Douglas Gets Tarrant Fever? | Freyne Land

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Thursday, September 14, 2006

Bernie Sanders
Douglas Gets Tarrant Fever?

Posted By on Thu, Sep 14, 2006 at 5:46 PM

It's been a strange year campaign-wise in Vermont thanks to GOP megabucks U.S. Senate candidate Rich Tarrant. The Rookie Republican's endless stream of nasty, sour, half-truth attack ads have guaranteed Bernie Sanders' upcomingNovember 7 landslide victory in the race for U.S. Sen. Jeezum JimJeffords' seat.  They've also pissed off more Vermonters of everypolitical stripe than any previous political ad campaign in Vermonthistory.

Congratulations, Richie Rich!  You are certainly a household name inVermont these days! Amazing what you can buy for a measely $5 million,eh?

But everyone we know was startled Wednesday when incumbent Republican Jim Douglassuddenly went into Tarrant-style, negative-attack-mode with a 30-secondTV spot trashing Democratic challenger Scudder Parker and a 60-secondversion doing likewise on the radio dial. Hey, I thought Ol' Scudderwas a long-shot?

Here's the radio script:

Some people make a name for themselves, andthey call Scudder Parker "Mr. Property Tax." Why?  Because ScudderParker has backed higher property taxes – even taxes like Act 60, theproperty tax that turned Vermont families against each other, and drovefamilies and jobs out of state.  Now Vermont taxpayers have somethingelse to worry about – now Mr. Property tax wants to be governor! 

Andhe's working on making a few new names for himself – how about Mr.Income Tax?  Mr. Payroll Tax?  He just told Vermont Public Radio hewants just that – higher payroll and income taxes.  He said under hisplan "everybody pays."  And even with prices at the pump over threedollars, he's ready to raise gas taxes.  Mr. Property Tax. Mr. IncomeTax. Mr. Payroll Tax. Mr. Gas Tax.  There's just one name Vermontersshouldn't call Scudder Parker – and that is governor.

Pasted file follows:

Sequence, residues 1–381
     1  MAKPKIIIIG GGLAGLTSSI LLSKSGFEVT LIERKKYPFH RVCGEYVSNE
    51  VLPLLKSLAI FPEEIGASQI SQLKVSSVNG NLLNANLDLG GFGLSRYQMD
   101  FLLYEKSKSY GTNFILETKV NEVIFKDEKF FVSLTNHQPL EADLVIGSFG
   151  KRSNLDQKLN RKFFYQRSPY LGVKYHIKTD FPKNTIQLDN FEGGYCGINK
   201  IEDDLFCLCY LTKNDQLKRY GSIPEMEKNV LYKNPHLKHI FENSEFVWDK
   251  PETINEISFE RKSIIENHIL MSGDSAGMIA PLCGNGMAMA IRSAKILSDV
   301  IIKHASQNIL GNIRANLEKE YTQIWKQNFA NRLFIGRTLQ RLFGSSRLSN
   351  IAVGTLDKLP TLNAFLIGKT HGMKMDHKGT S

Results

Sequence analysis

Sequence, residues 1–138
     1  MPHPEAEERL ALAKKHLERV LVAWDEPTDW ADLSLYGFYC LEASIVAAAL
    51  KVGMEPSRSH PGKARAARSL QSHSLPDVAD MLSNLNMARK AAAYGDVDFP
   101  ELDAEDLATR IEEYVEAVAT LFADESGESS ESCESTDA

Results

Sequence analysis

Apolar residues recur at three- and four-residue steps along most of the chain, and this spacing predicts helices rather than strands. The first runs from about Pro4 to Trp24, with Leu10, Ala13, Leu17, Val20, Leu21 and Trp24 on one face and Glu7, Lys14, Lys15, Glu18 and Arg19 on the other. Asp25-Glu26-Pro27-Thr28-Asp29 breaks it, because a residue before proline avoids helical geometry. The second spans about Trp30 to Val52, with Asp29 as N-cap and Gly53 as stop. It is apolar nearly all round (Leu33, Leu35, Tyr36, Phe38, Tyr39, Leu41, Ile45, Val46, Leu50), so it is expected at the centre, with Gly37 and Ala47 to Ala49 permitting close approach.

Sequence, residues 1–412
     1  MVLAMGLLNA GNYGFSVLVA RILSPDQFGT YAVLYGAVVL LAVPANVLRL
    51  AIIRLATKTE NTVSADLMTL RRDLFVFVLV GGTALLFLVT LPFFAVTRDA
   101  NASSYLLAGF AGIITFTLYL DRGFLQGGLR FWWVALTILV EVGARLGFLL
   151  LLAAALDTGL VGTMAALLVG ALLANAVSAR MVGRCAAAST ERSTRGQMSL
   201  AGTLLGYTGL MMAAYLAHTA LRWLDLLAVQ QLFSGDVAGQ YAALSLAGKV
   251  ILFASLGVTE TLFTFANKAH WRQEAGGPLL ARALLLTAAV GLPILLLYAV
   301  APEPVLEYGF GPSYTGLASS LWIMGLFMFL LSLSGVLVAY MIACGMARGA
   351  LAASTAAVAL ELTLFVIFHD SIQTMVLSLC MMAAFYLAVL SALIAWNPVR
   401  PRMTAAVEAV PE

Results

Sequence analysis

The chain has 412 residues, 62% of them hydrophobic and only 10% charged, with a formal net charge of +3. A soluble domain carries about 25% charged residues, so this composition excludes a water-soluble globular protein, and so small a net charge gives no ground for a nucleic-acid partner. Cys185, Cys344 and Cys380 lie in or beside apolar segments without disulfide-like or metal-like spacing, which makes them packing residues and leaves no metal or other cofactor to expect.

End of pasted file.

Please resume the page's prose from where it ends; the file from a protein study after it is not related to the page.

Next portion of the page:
Paid for by Douglas for Governor.

Candidate Parker had  a Thursday morning presser in the Cedar Creek Room at the Statehouse. His running mate, Lite-Gov hopeful Matt Dunne was at his side. After both saying very nice things about John Patrick Tracy who lost to Dunne, the Man Who Would Be Governor tore into the current one:

"Ihave to say that I am shocked to say that a sitting governor would beso tone deaf to the kind of campaign that Vermonters want theircandidates to wage," said Parker.  "Especially given the outrage that Vermontersare expressing at the the campaign being waged by Rich Tarrant. Hisbarrage of negative ads against Bernie Sanders is something that isturning Vermonters off and the same will happen with the ads Mr.Douglas has started to run.," said Scudder.

"Youknow what?" asked the Democrat. "This isn’t about me. This is about howwe conduct ourselves as candidates. And this attack ad represents thevery worst in politics and it has no place in  a campaign forgovernor....I call on Gov. Douglas to pull this add and pull hiscampaign back out of the gutter."

Fat chance!

So we called Dennise Casey, Douglas' campaign manager, and asked if she will honor Parker's request and pull the offensive Tarrant-style attack ad?

"No,"replied Ms. Casey, who has played a much more behind-the-scenes rolewith the Douglas, VT GOP Team until recently.  "We’ll continue withthis ad as planned with absentee voting occurring in just three weeks,"she told us. "We believe that Vermonters need to know that ScudderParker wants to raise their taxes."

At the moment,  Vermont Democrats and Progressives (and a quite afew Republicans we know) are startled by Gov. Douglas's negative attackstrategy. These Douglas ads will surely raise Parker's name-recognitionquickly, eh?  And they just might remind people that our nice-guygovernor is actually a Republican, just like Richie Rich Tarrant andjust like George W. Bush and his despised V.P. - Dick Cheney.

Is Jim Douglas sure he wants to remind people of that fact?

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About The Author

Peter Freyne

Peter Freyne

Peter Freyne, 1949-2009, wrote the weekly political column "Inside Track," which originated in the Vanguard Press in the mid 1980s; he brought it to Seven Days in 1995. He retired it shortly before his death in January, 2009. We all miss him.

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